Occurrences of dissolved trace metals (Cu, Cd, and Mn) in the Pearl River Estuary (China), a large river-groundwater-estuary system

This study for the first time examined dissolved metals (Cu, Cd, and Mn) together with dissolved oxygen and carbonate system in the whole Pearl River Estuary system, from the upper rivers to the groundwater discharges until the estuarine zone, and explored their potential impacts in the adjacent northern South China Sea (SCS) during May-August 2009. This river-groundwater-estuary system was generally characterized by low dissolved metal levels as a whole, whilst subject to severe perturbations locally. In particular, higher dissolved Cu and Cd occurred in the North River (as high as 60 nmol/L of Cu and 0.99 nmol/L of Cd), as a result of an anthropogenic source from mining activities there. Dissolved Cu levels were elevated in the upper estuary near the city of Guangzhou (Cu: ~40 nmol/L), which could be attributable to sewage and industrial effluent discharges there. Elevated dissolved metal levels (Cu: ‘~20–40 nmol/L; Cd: ~0.2–0.8 nmol/L) also occurred in the groundwaters and parts of the middle and lower estuaries, which could be attributable to a series of geochemical reactions, e.g., chloride-induced desorption from the suspended sediments, oxidation of metal sulfides, and the partial dissolution of minerals. The high river discharge during our sampling period (May-August 2009) significantly diluted anthropogenic signals in the estuarine mixing zone. Of particular note was the high river discharge (which may reach 18.5 times as high as in the dry season) that transported anthropogenic signals (as indicated by dissolved Cu and Cd) into the adjacent shelf waters of the northern SCS, and might have led to the usually high phytoplankton productivity there (chlorophyll a value >10 µg/L).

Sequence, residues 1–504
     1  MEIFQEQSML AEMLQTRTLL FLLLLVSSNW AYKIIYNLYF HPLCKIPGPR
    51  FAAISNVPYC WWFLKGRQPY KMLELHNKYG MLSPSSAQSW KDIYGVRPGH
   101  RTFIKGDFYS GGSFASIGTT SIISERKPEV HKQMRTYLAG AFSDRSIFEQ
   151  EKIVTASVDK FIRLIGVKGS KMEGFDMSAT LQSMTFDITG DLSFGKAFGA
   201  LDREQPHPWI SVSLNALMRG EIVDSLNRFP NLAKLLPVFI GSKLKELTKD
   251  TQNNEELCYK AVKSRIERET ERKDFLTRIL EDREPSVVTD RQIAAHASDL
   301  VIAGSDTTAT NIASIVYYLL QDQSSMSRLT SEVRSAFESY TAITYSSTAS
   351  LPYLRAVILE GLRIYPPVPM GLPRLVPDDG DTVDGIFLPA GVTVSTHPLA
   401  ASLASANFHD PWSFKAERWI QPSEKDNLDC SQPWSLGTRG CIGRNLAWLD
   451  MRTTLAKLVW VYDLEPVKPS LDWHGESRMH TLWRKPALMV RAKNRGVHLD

Wang D., Lin W., Yang X., Zhai W., Dai M. & Chen C.-T. A., in press. Occurrences of dissolved trace metals (Cu, Cd, and Mn) in the Pearl River Estuary (China), a large river-groundwater-estuary system. Continental Shelf Research. Article (subscription required).

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